Land Rover Discovery
0-62mph 8 seconds
Top speed 121mph
For all the swaggering braggadocio of Clarkson and co, TV’s most clubable threesome, in the real world of motoring journalism we’re a more respectful bunch with a proper horror of damaging the cars we love. I’ve been reviewing cars for more than a decade now and still haven’t managed to rack up a crash – until last week. But what a miserably puny bash it was. I was queuing for the multistorey when the person in front asked me to reverse a bit so she could make the corner. I happily snapped the car into reverse and before I knew had put my rear bumper into the front light of the car behind.
We all got out. The damage was paltry. I’ve seen more broken glass from a smashed pint mug. The driver introduced herself as Shirley. She shrugged her shoulders. “Don’t worry,” she said gracefully. “These things happen. It’s why we have insurance.” We swapped numbers and details, but came unstuck when I admitted it wasn’t actually my car. “He’s a motoring journalist,” explained my wife with a “whatever-that-is” look. Shirley then said: “So, do you always reverse into other people?”
It’s amazing how shaken you feel – even after a 2mph crash. Shirley came off worse. My car didn’t have a mark on it. Considering it was Land Rover’s colossal new bombproof Discovery, that’s not a surprise. Of all the big SUVs in the Land Rover range, the Disco has always been its most resolutely agricultural. Head to any farm show and it’s clear that for those who are forever Ambridge, there is only one possible vehicle to straddle the gap between Chelsea mews and Cotswolds estate.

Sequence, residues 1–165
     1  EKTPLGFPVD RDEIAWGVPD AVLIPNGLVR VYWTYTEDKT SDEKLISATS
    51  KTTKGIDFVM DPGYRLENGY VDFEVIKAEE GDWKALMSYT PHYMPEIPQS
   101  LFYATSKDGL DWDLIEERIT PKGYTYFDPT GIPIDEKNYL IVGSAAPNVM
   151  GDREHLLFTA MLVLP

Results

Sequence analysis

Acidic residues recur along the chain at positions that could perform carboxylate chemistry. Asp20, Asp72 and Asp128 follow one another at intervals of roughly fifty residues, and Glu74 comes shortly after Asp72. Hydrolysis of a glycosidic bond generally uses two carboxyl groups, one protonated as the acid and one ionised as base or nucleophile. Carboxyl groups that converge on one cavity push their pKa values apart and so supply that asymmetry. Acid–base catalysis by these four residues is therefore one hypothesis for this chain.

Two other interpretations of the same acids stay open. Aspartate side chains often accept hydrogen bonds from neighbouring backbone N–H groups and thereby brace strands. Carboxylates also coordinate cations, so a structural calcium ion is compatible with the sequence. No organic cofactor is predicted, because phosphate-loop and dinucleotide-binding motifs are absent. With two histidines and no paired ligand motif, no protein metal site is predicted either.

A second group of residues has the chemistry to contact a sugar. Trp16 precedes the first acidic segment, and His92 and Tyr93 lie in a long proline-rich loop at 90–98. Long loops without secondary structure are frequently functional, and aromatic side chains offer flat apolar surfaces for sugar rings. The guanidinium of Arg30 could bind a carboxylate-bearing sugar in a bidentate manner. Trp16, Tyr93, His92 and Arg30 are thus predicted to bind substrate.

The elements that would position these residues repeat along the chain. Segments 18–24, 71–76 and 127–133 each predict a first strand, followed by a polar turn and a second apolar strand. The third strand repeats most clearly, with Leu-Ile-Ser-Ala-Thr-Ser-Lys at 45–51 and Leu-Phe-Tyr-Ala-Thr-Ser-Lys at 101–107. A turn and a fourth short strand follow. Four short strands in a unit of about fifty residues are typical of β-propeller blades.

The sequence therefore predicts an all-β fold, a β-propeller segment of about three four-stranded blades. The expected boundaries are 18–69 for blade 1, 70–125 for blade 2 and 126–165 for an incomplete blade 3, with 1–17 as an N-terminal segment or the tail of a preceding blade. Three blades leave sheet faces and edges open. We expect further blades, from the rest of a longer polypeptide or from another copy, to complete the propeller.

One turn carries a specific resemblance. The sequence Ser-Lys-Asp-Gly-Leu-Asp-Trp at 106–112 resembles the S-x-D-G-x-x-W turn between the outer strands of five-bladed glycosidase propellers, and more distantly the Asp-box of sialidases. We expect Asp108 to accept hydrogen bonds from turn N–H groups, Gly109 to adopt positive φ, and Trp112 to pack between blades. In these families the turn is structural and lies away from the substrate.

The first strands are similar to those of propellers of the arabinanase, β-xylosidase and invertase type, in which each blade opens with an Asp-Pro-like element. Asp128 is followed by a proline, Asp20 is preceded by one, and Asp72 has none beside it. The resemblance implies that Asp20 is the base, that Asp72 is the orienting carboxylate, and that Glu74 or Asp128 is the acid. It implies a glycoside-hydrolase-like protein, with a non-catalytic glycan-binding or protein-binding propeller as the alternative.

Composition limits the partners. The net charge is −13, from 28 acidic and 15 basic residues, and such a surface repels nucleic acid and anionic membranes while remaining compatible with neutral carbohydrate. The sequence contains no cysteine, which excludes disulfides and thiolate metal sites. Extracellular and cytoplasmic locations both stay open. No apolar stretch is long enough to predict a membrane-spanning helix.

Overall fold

This is the fifth generation of the car. It’s lost some weight, almost half a tonne – it’s had the equivalent of an automotive gastric band fitted. This means that the 2-litre Ingenium (SD4) engine and the more appropriate 3-litre V6 diesel (TD6) engine can actually do their job properly. But like a glossy shire horse that does little more than flex its giant haunches to win another rosette, this new Disco is all about luxury rather than hard labour. The sheer scale of it means you lounge rather than perch in your seats. You can have all seven seats motorised and foldable via a remote app. There’s also the latest JLR InControl Touch Pro touchscreen and a serenely minimalist cabin.
Automatic transmission, a twin-speed transfer box and air suspension all help the big car cruise down the lane like a Venetian launch. The Discovery also comes with Land Rover’s unique Terrain Response system which optimises the vehicle’s engine, gearbox, centre differential and chassis systems to match the demands of the terrain. Then there’s your pick of driver aids: cruise control and speed limiter, autonomous emergency braking, lane departure warning, heated windscreen and rear window, heated door mirrors, DAB radio, tyre pressure monitoring system, hill launch assist, dynamic stability control, roll stability control, cornering brake control, gradient acceleration control, hill descent control and trailer stability assist all come as standard.
This is a luxury SUV built to cope with every facet of modern life – except it seems for one thing: negotiating a multistorey, as I discovered. It’s so big that driving one in town you feel like a fat man trying to squeeze towards the bar in a crowded pub. Sorry, sorry, sorry, I’m just going to push through here. It’s magnificent, but it’s best left in the countryside.
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